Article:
Senator Charles J. Fuschillo, Jr. (8th Senate District), Chairman of the Senate’s Consumer Protection Committee, has sponsored legislation to enhance the penalty incurred by individuals who fill their car with gas and then drive away without paying.
Under current law, all individuals who steal gas from a pump can be charged with petit larceny, which is a class A misdemeanor and punishable by a fine and/or a maximum prison sentence of one year. In addition to the current sanctions, Senator Fuschillo's legislation would create the additional penalty of a mandatory six month license suspension for second time offenders, and a full year suspension for those who commit this crime three times or more. This will send a clear message that this is not a victimless crime and will punish the offender for making other consumers pay extra at the pump.
"These criminals are stealing millions of dollars in gas each year, forcing law abiding citizens to pick up the tab out of their own pockets. That is unacceptable," said Senator Fuschillo, who is also a member of the Senate's Transportation Committee. "With the rising occurrence of this crime, new deterrents are needed to keep people from breaking the law. A driver’s license suspension is something that everyone wants to avoid, so this proposed law would make individuals think twice before skipping out on the bill at the gas pump."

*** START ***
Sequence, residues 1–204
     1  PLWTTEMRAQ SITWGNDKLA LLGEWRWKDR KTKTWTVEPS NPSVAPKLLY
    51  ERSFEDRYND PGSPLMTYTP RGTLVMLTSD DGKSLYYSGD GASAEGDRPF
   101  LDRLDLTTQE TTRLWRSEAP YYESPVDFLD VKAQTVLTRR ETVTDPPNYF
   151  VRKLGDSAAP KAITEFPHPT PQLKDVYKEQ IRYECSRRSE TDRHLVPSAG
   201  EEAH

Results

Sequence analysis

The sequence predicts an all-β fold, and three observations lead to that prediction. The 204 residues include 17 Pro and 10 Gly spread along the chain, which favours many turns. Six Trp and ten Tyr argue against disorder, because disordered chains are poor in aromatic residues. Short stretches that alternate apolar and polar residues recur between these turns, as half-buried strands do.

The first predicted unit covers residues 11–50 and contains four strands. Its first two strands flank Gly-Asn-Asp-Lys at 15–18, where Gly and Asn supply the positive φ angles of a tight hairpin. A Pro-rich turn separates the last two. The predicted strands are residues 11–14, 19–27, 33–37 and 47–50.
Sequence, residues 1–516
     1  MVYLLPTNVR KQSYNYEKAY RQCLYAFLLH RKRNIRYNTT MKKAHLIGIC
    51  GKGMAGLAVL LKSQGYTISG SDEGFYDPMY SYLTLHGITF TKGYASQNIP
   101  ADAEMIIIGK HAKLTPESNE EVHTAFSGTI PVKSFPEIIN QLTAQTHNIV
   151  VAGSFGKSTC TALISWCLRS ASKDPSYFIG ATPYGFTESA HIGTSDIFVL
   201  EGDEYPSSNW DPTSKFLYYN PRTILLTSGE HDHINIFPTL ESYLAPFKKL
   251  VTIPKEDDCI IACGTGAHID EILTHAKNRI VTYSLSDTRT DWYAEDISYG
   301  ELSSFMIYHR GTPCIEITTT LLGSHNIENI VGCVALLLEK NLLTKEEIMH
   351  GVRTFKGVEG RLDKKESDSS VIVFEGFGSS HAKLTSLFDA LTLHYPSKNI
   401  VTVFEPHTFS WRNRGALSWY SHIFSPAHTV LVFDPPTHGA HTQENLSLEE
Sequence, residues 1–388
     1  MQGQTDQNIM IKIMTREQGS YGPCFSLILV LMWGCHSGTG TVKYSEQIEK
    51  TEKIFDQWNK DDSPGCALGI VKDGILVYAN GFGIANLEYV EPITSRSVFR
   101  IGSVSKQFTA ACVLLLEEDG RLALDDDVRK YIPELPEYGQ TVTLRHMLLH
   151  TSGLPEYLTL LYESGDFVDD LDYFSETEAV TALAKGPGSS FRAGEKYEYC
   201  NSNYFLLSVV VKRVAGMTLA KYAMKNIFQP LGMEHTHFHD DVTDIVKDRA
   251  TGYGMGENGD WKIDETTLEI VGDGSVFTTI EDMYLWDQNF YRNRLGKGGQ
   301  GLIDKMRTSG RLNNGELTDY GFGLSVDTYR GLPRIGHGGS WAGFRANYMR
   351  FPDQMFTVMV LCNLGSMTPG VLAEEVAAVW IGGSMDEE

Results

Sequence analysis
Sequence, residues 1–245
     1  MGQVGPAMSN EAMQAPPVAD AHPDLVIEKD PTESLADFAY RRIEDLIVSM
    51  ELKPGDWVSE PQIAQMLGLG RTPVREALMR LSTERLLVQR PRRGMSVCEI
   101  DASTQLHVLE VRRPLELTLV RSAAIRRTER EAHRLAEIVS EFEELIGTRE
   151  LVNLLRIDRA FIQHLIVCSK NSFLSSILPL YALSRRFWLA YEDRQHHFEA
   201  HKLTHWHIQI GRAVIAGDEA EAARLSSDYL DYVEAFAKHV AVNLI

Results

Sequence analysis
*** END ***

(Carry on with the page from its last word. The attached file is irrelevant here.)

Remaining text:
"The Long Island Gasoline Retailers Association supports this legislation in its overall intent. We applaud any effort to stop the practice of adjudicating from gas stations after refueling, as this has become an all too common practice in our industry and is doing serious harm to our retailers’ businesses," said Bob Santasiero, Vice President of the Long Island Gasoline Retailers Association.
"Gas prices are high enough already without consumers being forced to incur extra expenses to pay for the actions of a few dishonest individuals," said Roger C. Bogsted, Commissioner of the Nassau County Office of Consumer Affairs. "I applaud Senator Fuschillo for sponsoring this new measure, which will afford new protections for both law abiding consumers and gasoline retailers."
Called either a "gas & go", "drive-off", or "gas-n-dash", the occurrence of this crime has risen dramatically recently. According to the National Association of Convenience Stores, gas theft cost over $100 million in 2003, and is far more prevalent in cities or other densely populated areas, such as Long Island and New York City. The association says that stores in these types of areas have reported as many as 2-3 gas thefts per day, each of which range between $20-$50. Numerous other states, including Connecticut and Pennsylvania, have enacted laws placing restrictions on the driver licenses of people who drive off without paying for their gas.
TO SEND AN EMAIL TO SENATOR FUSCHILLO, PLEASE CLICK HERE.
IF YOU WOULD LIKE TO RECEIVE REGULAR UPDATES FROM SENATOR FUSCHILLO, PLEASE CLICK HERE.